Velvet Unreserved: 1989 Porsche 944

The takeaway from yesterday’s twin Baltic Blue 944S2s was that, while the model is generally a good bet for collectors, neither of the examples was a stellar buy. But they’re not alone; even though I’ll continue to argue that they’re undervalued relative to what they are, the reality is that many come to market with price tags that are just too high. Even though sellers’ ‘whataboutme’ attitude towards the model is arguably justified, the asking prices usually aren’t.

Yet today we’re looking at another 944. And not a top tier one at that – generally speaking, this particular model is the least appealing of the end of the run. It’s the last-year 8-valve motor, so you can imagine that if the 944S2 was overshadowed by the Turbo, this model was positively left in the dark. You got early 944 appearances with the slightly punched-out 2.7 liter inline-4. That gave you a bump to 162 horsepower, up from 158 in the high-compression 2.5 from the previous year. That didn’t sound like much, but with revised gear ratios and a healthy bump in torque, these ’89s are claimed to be the quickest of the 8V normally aspirated run. But without a “S”, “S2”, or “Turbo” script adorning its rear, and with the 924S gone to greener second-hand dealers, the regular old 944 assumed the position at the very bottom of the totem pole in the Porsche lineup.

So why buy it?

Simple. Price. It’s very easy to forget just how darn expensive Porsches were in the late 80s – even the 4-cylinder ones. That was why the 924S was so appealing. Sure, it wasn’t the glitziest Porsche out there. But it was also the only one you could buy new in the $20,000 range. By 1989? If you wanted a Turbo, you’d pay the best part of $45,000 delivered. The S2 wasn’t much better, ringing in at registers as $42,000. So it’s there that you can start to see the appeal of the base model, which had most of the look of the higher-spec models but could be yours for $33,000. Today? It’s the same deal:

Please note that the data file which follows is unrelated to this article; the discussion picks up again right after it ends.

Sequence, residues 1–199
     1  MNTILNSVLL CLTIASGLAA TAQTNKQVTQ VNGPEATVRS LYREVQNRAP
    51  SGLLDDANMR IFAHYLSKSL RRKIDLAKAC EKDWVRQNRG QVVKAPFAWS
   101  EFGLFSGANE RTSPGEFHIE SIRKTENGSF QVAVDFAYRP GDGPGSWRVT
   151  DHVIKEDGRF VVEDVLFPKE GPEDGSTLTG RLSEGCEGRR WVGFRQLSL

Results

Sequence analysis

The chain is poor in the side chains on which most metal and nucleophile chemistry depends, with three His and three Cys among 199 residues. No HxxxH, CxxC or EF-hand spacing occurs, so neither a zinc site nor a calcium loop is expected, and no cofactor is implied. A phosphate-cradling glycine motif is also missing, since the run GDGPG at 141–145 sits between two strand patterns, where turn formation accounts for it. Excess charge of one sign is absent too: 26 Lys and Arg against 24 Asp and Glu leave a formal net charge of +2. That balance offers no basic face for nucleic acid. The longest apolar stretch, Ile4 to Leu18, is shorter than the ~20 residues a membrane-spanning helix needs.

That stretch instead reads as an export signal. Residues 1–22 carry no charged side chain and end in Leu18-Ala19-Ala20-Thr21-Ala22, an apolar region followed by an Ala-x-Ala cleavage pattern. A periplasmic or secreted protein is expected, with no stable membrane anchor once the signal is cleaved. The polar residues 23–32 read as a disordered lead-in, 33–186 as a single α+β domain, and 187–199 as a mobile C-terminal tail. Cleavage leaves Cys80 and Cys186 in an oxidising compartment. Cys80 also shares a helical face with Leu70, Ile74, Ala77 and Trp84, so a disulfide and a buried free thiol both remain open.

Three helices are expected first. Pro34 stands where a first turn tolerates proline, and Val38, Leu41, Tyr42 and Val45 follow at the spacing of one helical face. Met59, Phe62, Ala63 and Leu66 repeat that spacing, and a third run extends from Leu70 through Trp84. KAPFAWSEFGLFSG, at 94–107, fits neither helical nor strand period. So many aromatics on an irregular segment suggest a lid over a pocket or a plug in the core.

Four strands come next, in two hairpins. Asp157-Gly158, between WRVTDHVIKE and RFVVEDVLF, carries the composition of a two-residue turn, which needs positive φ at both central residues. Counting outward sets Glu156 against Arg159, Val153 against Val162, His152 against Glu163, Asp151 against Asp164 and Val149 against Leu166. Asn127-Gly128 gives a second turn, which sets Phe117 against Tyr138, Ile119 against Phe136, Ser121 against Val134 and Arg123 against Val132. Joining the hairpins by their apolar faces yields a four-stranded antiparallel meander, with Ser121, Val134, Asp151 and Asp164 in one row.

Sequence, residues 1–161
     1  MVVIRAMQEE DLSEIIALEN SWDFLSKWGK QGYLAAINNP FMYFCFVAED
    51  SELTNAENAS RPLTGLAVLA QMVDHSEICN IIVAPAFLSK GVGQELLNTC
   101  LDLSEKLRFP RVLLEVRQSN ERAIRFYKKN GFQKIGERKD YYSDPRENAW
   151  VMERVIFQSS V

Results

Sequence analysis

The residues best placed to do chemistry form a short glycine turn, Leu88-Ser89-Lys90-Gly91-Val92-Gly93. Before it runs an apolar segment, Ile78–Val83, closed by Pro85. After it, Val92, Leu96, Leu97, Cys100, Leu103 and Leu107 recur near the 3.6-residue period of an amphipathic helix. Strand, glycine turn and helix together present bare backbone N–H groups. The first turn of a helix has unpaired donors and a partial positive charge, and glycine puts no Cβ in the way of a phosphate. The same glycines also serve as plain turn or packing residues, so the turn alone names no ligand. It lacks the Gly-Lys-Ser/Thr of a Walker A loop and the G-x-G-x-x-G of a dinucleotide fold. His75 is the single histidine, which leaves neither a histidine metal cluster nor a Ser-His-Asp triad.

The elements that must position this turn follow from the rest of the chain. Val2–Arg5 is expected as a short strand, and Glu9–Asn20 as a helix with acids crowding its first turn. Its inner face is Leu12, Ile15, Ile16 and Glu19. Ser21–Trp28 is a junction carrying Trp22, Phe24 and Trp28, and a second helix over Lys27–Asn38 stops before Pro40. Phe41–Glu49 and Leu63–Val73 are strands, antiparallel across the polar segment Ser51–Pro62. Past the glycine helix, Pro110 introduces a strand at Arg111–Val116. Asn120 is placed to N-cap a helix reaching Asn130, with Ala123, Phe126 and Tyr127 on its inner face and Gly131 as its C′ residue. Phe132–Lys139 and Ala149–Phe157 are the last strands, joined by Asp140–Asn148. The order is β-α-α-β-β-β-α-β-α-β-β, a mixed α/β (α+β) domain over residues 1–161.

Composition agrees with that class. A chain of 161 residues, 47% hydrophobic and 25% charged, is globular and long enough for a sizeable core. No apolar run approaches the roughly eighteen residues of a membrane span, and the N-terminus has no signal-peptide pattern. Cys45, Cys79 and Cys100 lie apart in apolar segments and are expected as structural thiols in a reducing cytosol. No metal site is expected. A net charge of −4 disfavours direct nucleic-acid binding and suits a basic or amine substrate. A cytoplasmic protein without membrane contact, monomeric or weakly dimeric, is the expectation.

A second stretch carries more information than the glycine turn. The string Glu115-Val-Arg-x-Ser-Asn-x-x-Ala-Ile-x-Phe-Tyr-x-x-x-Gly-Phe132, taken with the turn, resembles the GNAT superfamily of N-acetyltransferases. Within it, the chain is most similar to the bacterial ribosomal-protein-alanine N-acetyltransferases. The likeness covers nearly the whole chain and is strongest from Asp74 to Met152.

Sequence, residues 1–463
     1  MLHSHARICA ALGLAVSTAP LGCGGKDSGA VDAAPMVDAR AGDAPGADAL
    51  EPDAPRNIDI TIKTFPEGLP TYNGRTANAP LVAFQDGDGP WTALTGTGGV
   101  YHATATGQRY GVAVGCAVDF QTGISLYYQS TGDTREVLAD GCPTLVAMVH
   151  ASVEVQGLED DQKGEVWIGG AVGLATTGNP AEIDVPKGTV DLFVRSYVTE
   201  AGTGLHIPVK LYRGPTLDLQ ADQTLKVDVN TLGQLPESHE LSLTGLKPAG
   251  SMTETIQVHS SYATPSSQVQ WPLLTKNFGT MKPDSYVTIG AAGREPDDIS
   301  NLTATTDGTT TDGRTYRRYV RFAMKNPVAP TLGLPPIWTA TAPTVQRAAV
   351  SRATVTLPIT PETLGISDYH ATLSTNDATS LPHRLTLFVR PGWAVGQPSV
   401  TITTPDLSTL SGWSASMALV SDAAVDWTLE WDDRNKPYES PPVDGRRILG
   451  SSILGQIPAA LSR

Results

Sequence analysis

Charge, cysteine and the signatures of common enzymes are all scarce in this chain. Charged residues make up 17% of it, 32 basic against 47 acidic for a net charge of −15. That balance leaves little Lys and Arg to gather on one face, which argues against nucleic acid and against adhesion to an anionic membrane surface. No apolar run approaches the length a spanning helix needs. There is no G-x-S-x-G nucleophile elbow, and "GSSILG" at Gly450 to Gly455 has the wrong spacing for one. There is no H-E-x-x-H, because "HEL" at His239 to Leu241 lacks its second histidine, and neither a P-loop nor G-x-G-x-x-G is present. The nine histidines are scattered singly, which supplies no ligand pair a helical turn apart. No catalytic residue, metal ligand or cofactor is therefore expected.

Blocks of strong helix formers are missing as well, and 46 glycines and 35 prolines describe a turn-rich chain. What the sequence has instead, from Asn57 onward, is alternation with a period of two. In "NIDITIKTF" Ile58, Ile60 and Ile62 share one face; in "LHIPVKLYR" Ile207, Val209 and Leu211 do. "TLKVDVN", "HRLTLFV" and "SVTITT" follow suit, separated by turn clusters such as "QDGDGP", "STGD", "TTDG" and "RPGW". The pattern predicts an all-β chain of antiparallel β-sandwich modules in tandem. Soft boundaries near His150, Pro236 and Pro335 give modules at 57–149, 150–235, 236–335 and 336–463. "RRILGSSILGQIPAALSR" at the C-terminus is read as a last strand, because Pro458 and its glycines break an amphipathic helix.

CLICK FOR DETAILS: 1989 Porsche 944 on eBay


Year: 1989
Model: 944
Engine: 2.7 liter inline-4
Transmission: 5-speed manual
Mileage: 127,700 mi (TMU)
Price: No Reserve Auction

You might call this a survivor, Paint is original Velvet Red Metallic,interior leather is similar color or Burgundy Color still has beautiful deep dark color (no fading).Rear trunk area carpet is same and cargo cover in beautful condition too.

Shifter boot cover is a little faded, but is an easy replacement.

Have many receipts of work done,and a written diary of work history since 1995. Oil changes every 3000 mile. Some of the more important work to mention are timing belt & water pump @ 117k, head gasket @122k, a/c retro fit @124k.

Original phone dial rims,tires are like new. Odometer reads 127,700 which recently quit working prehaps 1k ago. Engine runs smooth,trans engauges good in all gears, down shifts well. Starts right up on the coldest of days. Always garage kept and not driven in snow.

New Pa. Stateinspection & emissions just last month.

Come take a look if you are interested. Also includes car cover and windshield screen. Original radio also included, a replacement is installed.